When using lasers in applications such as welding and cutting of materials, medical applications, or surveying and ranging; it is important to measure the spatial intensity of the laser, as extensive use can lead to degradation and loss of efficiency. Machine vision technology—in the form of a beam profiler—can help to assess the “health”of a laser.
Various types of lasers are used in applications such as the ones mentioned above, including those in the 900 to 1800 nm (SWIR) range. To assess lasers in the SWIR range, Axiom Optics (Boston, MA, USA;www.axiomoptics.com) developed the CinCam InGaAs SWIR Beam Profiler, which is used to measure various characteristics of the laser, including beam profile or 2D power distribution, 2D beam size measurements, beam divergence, focusing ability of the laser (beam quality with M2), and pointingstability.
The CinCam InGaAs turnkey solution is available in three models: CinCam InGaAs 320, CinCam InGaAs 640, and the CinCam InGaAs 636. Between the three of them, according to the company, most, if not all beam sizes can be profiled. Providing the SWIR-based vision within the system are SWIR cameras from Allied Vision (Stadtroda, Germany;www.alliedvision.com). The three Goldeye SWIR models used in the CinCam InGaAs models are the Goldeye G-008 TEC1 (320 x 256 resolution at 334 fps, Goldeye G-032 TEC1 (0.3 MPixels at 100 fps), and the Goldeye G-033 (0.3 MPixels at 301 fps).
These GigE cameras from Allied Vision are sensitive in the SWIR spectrum from 900 to 1700 nm, and are based on IngGaAs focal plane arrays and offer thermo-electric (TEC) sensor cooling with no fan (G-008 TEC1, and G-033 TEC1), and a nitrogen-filled cooling chamber that enables dual-stage thermo-electric cooling down to -60°C (G-032 TEC2). The G-008 TEC1 is used in the CinCam InGaAs 320, Axiom Optics’ “entry level” model, in terms of pricing, while the Goldeye G-033 TEC1, used in the CinCam InGaAs 640, has the smallest pixel pitch, 15 µm, allowing the profiling of smaller beams and acquisition of additional beam details. The Goldeye G-032 TEC1 provides the largest active area allowing profiling of large beams or multiple beams at once with the CinCamInGaAs636.
Axiom Optics also utilized RayCi software from Cinogy (Duderstadt, Germany;www.cinogy.com), which supports Windows (XP, Vista, Windows 7 and 8) and can simultaneously control several beam profiler cameras on a single computer. The software enables users to access standard settings and complete several laser beam characterizations, that are captured in detailed illustrations, and ensure the “optimal visualization of measurement results during profiling.” Additionally, comparisons between live data and previously-stored data is possible with RayCi’s ability to simultaneously analyzeboth.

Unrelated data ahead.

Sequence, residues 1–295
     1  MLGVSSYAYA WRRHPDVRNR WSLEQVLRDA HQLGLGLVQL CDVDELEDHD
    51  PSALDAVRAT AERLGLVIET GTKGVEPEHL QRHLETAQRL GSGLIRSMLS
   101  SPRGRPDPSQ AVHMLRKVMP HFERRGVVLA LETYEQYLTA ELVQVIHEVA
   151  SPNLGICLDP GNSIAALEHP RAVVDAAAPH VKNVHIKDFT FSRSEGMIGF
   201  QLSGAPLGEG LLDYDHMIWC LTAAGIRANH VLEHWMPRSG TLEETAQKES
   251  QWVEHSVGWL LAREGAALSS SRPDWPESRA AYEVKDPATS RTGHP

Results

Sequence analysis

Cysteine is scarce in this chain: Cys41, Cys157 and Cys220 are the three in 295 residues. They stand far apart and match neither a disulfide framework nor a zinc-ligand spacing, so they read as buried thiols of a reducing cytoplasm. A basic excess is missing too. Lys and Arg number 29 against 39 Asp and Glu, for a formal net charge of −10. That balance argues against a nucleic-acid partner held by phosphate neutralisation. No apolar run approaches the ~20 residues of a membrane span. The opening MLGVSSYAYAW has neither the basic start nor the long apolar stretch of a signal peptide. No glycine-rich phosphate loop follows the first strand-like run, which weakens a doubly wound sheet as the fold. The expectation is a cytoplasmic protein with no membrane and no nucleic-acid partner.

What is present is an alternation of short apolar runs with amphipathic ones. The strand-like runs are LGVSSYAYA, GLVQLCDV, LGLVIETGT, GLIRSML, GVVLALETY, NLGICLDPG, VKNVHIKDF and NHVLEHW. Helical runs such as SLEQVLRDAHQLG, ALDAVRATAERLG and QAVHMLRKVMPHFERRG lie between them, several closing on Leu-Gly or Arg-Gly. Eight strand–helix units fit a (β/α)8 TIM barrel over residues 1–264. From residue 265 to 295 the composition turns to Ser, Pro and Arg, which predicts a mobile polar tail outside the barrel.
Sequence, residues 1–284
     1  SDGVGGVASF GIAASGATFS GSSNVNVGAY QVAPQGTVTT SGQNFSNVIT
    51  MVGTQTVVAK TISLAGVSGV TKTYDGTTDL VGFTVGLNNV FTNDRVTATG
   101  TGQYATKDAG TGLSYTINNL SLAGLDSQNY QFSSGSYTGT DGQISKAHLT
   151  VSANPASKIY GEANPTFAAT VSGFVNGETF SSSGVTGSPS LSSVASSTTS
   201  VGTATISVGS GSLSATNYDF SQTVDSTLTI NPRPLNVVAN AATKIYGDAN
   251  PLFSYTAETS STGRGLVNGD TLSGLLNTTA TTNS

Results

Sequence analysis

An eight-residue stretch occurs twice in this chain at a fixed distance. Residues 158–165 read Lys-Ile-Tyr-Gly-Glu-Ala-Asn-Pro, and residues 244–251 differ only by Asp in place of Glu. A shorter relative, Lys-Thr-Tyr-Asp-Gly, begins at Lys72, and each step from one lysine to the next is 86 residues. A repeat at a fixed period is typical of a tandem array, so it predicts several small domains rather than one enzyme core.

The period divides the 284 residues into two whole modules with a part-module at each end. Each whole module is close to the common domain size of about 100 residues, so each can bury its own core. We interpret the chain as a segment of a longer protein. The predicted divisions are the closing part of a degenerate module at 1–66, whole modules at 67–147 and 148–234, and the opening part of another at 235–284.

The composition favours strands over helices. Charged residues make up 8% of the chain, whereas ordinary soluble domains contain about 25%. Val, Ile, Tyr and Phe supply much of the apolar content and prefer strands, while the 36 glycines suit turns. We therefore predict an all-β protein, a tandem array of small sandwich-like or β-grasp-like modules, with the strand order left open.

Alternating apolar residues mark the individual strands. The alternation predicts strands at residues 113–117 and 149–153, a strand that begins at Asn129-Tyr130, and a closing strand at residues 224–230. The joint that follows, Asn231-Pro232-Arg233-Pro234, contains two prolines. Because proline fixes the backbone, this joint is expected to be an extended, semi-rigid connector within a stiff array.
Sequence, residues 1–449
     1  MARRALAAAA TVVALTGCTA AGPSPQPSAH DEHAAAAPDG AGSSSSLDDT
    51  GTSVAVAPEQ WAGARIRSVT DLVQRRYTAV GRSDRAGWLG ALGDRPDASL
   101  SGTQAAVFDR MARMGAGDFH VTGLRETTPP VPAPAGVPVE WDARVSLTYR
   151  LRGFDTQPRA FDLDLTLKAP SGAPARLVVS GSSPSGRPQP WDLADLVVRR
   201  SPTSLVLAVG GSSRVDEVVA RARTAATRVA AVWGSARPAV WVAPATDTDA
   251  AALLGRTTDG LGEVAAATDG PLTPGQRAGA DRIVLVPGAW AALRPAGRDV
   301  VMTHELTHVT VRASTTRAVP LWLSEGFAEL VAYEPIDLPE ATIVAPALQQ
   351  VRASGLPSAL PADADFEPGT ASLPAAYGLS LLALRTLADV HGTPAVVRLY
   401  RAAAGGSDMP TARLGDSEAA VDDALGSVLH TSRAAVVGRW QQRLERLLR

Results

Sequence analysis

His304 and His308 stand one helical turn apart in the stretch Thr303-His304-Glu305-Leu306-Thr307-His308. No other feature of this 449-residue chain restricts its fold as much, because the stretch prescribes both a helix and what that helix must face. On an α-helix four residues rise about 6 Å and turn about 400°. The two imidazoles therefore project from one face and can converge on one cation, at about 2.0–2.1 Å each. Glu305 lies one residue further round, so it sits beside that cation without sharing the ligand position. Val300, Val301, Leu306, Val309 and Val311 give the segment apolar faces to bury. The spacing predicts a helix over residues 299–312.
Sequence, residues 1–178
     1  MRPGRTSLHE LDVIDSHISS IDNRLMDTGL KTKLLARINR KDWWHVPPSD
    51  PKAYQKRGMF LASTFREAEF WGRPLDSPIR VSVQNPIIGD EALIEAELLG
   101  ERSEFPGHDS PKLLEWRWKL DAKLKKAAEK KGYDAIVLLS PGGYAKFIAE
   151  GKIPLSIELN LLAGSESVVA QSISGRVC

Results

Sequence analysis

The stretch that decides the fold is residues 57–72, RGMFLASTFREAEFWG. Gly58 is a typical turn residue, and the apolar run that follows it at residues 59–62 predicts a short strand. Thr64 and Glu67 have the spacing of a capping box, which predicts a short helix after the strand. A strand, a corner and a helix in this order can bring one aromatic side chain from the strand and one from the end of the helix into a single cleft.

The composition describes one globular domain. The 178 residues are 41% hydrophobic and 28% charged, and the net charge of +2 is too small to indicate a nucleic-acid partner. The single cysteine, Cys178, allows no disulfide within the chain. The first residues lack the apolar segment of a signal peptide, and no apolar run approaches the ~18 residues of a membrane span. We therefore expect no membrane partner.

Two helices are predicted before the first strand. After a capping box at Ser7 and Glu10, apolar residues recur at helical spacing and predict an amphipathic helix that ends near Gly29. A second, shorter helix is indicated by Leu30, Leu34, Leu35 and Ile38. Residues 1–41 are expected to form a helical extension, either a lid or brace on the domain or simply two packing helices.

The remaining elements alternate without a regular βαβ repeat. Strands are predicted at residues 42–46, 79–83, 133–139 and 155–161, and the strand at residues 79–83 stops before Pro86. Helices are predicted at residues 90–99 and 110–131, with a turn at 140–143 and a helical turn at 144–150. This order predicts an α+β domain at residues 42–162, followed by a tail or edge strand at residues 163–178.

“The Goldeye is the perfect camera line for our system for multiple reasons,” Nick Lechocinski, Sales/3D sensor and camera specialist at Axiom Optics, explained. “The Goldeye’s three models address our customers’ varying requirements in terms of price and performance. Furthermore, the Goldeye has TEC1 cooling (thermo-electric cooling), which is mandatory for the quantitative measurements completed in laser beam profiling.”
Researchers deploy polarization camera for carbon fiber inspection
To avoid safety risks, quality assurance is essential in the production of parts made from carbon fiber reinforced polymers (CFRP). These components exhibit particularly high tensile strength in the direction of the fibers, so manufacturers must pay close attention to the direction in which the various plies are formed together during production. To inspect carbon fiber components, researchers from the Fraunhofer Institute for Integrated Circuits IIS (Erlangen, Germany;https://www.iis.fraunhofer.de/en.html) have deployed a polarizationcamera.
The right image shows the measured intensity, the left image shows the false color polarization information, with color depicting the measured angles of the fibers.
Initially, the team developed a proprietary polarization camera called POLKA, which captures the orientation and position of the carbon fiber bundle in real-time. The camera features a custom 640 x 480-pixel CMOS image sensor with on-chip polarizers and a frame rate of up to 25 fps, a pixel size of 6 µm, and Polka imaging software, which is used to calculate the degree of linearpolarization.
Recently, however, Fraunhofer Institute for Integrated Circuits IIS showcased a carbon fiber inspection demonstration at Control 2018 in Stuttgart, Germany using an off-the-shelf Phoenix PHX050S-P polarization camera from LUCID Vision Labs (Richmond, BC, Canada;www.thinklucid.com).
The PHX050S-P camera features Sony’s (Tokyo, Japan;www.sony.com) IMX250MZR CMOS polarized image sensor, which is a 5 MPixel global shutter sensor with a 3.45 μm pixel and a frame rate of up to 24 fps. The sensor is based on the IMX250 Sony Pregius CMOS monochrome sensor with a polarizing filter added to the pixel. The sensor has four different directional polarizing filters (0°, 90°, 45°, and 135°) on every four pixels. Lucid Vision’s GigE Vision camera, the company said, performs on-camera processing using the four directional filters and outputs both the intensity and polarized angle of each image pixel. Additionally, the camera features a transformable board layout that allows it to be tri-folded into a stacked camera, or unfolded into 90 or 180° orientations.
One of the unique properties of carbon fibers is that they polarize incidental unpolarized light parallel to the direction of the fiber, so the Phoenix camera was used to capture the orientation and position of the carbon fiber bundle in real time to determine which way the fiber runs. The demonstration again used the Fraunhofer IIS Polka imaging software, which performs the required computation for calculating the degree of linear polarization, which directly indicates the direction of the fibers for each pixel. This, according to LUCID Vision Labs, is the only way to ensure the required stability of the component.